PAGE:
Mexico attack building chemistry by focusing on who's in Gold Cup squad, not who's missing

Roberto Alvarado Rodolfo Pizarro Erick Gutierrez Mexico

Rodolfo Pizarro knows there are a lot of forwards and wingers who could be on Mexico's Gold Cup squad but aren't. It just does the Monterrey attacker no good to think about them.

He, along with forward Raul Jimenez and Cruz Azul's Roberto Alvarado, are set to solve the problem of how to get goals during the Gold Cup without players like Hirving Lozano, Javier "Chicharito" Hernandez, Carlos Vela, Jesus "Tecatito' Corona and Javier Aquino.

Things got off to a good start Wednesday, with Pizarro, Alvarado and midfielder Andres Guardado all notching goals in a 3-1 friendly victory over Venezuela.

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"Honestly, it helps us a lot, most of all with our confidence," Pizarro said after the win. "We know that a lot of important players, unfortunately, have had to leave the national team because of decisions. 

"Those who are here are here, and we have to give everything for the national team."

Those who are here are here. It may sound like something from a Jean-Paul Sartre book (Those who are not in camp are condemned to be free to miss the Gold Cup), but it's a good mindset for the players to be in. Those of us in the press have written so much about the players who are missing, most have barely focused on who is on the list. Of course, with so many key names absent, it's been tough to evaluate much aside from things like who will step in for Hirving Lozano?

The friendly will ease many of those fears. Pizarro showed he's more than capable of playing as the left winger, cutting inside to create for teammates like Jimenez and Alvarado when the opportunity was there to combine. He worked well with left back Jesus Gallardo, helping to overload the right side of Venezuela's defense and get his head up with players in dangerous positions in the box.

Mexico manager Tata Martino was set to bring Pizarro off around the 53rd minute but ended up leaving him on for one more play. That play turned out to be the one in which Pizarro's Monterrey teammate Gallardo bolted up the left side and set up him with a cross after the initial entry attempt was blocked. Pizarro set the touch past the goalkeeper to double El Tri's lead.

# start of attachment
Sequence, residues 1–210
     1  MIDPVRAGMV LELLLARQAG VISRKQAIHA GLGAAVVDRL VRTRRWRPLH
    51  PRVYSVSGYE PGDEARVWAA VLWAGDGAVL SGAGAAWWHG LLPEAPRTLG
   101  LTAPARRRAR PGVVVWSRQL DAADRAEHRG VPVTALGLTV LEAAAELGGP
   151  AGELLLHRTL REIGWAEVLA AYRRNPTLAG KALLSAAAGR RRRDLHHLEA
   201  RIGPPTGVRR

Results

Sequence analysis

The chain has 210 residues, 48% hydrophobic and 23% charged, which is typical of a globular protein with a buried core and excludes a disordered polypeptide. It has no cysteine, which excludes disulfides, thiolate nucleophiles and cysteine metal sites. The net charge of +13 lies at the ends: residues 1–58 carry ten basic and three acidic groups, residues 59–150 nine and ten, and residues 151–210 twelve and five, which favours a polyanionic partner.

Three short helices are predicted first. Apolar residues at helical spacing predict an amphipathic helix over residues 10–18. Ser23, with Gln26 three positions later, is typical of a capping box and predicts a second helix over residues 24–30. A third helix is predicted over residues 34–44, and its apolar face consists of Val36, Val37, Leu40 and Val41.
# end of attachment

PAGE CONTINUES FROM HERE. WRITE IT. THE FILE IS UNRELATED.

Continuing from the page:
"He told me that’s why I should stay on, play one last play and give him a goal," Pizarro said with a laugh, describing his conversation with Martino.

It's no mystery why Martino has been a fan of Pizarro early on. His work-rate helped lead to the first goal, with Pizarro poking the ball free in the box from a Venezuela defender for Alvarado to blast into the net.

Mexico's goals were more scrappy than spectacular Wednesday, but that's not a huge reason for concern. Mexico has probably tried to play too pretty of soccer against Concacaf opposition in the past, and at least against Cuba and Martinique in the group stage of the Gold Cup likely will be trying to break through a resolute low block from those teams. 

That's also how the goals may come initially. Martino's idea of how he wants the team to play will produce sweeping, beautiful scoring moves, but the goals won't always be like that. It's especially true when players lack chemistry with each other. Wednesday's match was just the second time Pizarro and Jimenez had played together and it was the first time either of those players had been on the field with Alvarado.

Maybe Martino will put the trident back out against Ecuador on Sunday, maybe not. He doesn't have many options,but at a venue, AT&T Stadium, that has been unlucky for Mexico players suffering injury, he might not test his luck. That said, the more these players can play together the better. Everyone knows Jimenez can score, he did it 12 times in the Premier League. The more understanding he has with Pizarro and Alvarado, neither of which are outright wingers, the better.

That chemistry comes in training, in preparation matches and even during the group stage of the Gold Cup. If things progress like they did earlier this week, the El Tri attack should be firing all cylinders when they arrive in the knockout stage of the tournament. All three players have the raw material. Now, they must come together to become something stronger.

It's those who are here who will make it happen if Mexico is going to win back the Gold Cup and become Concacaf champion once again.